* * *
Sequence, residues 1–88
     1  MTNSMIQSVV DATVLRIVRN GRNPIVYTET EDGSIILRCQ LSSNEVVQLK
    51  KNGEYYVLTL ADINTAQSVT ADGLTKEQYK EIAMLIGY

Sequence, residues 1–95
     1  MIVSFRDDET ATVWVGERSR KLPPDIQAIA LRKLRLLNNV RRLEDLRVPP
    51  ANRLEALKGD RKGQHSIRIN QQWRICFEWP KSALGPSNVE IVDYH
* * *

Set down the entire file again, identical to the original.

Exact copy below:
Sequence, residues 1–88
     1  MTNSMIQSVV DATVLRIVRN GRNPIVYTET EDGSIILRCQ LSSNEVVQLK
    51  KNGEYYVLTL ADINTAQSVT ADGLTKEQYK EIAMLIGY

Sequence, residues 1–95
     1  MIVSFRDDET ATVWVGERSR KLPPDIQAIA LRKLRLLNNV RRLEDLRVPP
    51  ANRLEALKGD RKGQHSIRIN QQWRICFEWP KSALGPSNVE IVDYH